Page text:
Flores knew the chapel’s history when she took over as director after several years of volunteering there. She noted the chapel’s role not only in Chicano history, but the city’s history as a whole. The organization offered after school programs, ran classes for teenage fathers and raised money to help recently incarcerated people get back on their feet. Because of the parish’s work, these programs existed here before they became commonplace in the city.

“They have been serving the Chicano community in this way for decades,” Flores said.

The chapel became a respite during a nascent chapter in the Chicano Movement’s history in Denver.

In March 1969, West High School Chicano students stormed out of their school to protest treatment by staff. At the time, some staff members discouraged students from speaking Spanish and ridiculed their names by purposefully mispronouncing them.

After walking out to demonstrate at Sunken Gardens Park, students clashed with police, who used pepper spray on the young activists. Students from other city high schools joined the demonstrations. The confrontation led to four days of unrest later known as the West High School blowouts. Some of the students and demonstrators took refuge inside Smith’s Chapel as the clashes intensified, according to city documents.

Steve Johnsen remembers watching the events play out. He was a volunteer at the Inner City Parish when the blowouts happened, and said a friend who worked at the parish told him that, as a white person, he was better off staying inside.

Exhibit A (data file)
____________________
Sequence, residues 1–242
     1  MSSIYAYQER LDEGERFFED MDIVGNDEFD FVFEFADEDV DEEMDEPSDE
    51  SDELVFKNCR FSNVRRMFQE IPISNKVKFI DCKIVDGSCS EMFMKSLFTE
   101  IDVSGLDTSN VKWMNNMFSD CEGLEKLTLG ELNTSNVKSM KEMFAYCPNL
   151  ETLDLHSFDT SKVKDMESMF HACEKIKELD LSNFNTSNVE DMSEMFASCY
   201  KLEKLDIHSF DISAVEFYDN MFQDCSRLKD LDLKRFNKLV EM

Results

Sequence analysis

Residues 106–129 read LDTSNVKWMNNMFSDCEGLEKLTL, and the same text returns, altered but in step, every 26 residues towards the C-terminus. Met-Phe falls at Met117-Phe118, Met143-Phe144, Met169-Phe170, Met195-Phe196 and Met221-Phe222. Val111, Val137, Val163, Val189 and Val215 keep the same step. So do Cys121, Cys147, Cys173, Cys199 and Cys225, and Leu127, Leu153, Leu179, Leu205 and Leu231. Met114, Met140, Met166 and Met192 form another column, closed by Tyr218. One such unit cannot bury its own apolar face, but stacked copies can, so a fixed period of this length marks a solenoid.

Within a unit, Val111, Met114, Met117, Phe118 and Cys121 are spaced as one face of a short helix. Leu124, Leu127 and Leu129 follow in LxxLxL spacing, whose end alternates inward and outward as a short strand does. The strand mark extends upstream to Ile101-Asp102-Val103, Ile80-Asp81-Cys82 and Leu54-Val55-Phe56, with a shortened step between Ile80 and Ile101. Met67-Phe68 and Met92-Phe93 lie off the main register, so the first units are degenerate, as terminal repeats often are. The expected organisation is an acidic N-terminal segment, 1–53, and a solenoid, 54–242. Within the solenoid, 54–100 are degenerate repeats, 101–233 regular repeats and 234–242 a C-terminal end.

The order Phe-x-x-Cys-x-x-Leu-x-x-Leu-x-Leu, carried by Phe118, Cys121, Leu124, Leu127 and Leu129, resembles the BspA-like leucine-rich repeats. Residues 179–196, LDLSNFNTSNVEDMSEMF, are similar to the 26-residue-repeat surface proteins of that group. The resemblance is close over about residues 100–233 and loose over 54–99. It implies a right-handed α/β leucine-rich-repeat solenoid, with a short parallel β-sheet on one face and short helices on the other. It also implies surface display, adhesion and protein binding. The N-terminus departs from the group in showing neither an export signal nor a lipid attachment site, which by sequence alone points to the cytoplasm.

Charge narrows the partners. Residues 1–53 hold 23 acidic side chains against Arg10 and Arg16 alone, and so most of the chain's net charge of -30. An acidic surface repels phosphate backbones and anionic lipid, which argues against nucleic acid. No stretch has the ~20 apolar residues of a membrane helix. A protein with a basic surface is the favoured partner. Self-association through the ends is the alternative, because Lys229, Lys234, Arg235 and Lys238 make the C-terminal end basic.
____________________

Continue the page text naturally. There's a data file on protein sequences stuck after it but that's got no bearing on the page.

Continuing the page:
Johnsen, who would spend nearly five decades working at the parish, including a stint as an executive director and principal of a school based inside the chapel, was in his 20s during the blowouts. He remembers seeing demonstrators turn over a police car and hearing Rodolfo “Corky” Gonzales, who would go on to become a leader in the Chicano Movement, deliver a speech outside the chapel.

West High School. (Kevin J. Beaty/Denverite)

West High School. (Kevin J. Beaty/Denverite)

“I was watching the whole first day, (watching) the walkouts happened,” Johnsen said, adding he had been told the demonstrations were connected to a racist teacher. “It was probably the times, too. Everybody was doing stuff like that, all over the country.”

Smith Chapel’s owner, Matt Slaby, is a photographer by trade. He was born and raised in Denver. Slaby bought the building in 2019 and now operates a media agency inside. He hopes to draw similar businesses, adding that it’s much larger than what he needs for his work.

From the very beginning, he wanted to make sure the building stayed the way it’s been for decades. Familiar with its history, he said he intended to keep it as an asset for people in the neighborhood. He didn’t want the site to end up demolished for something like, say, new condominiums.

“That wasn’t really a story I wanted to be a part of,” Slaby said. “It has a really long and nice story.”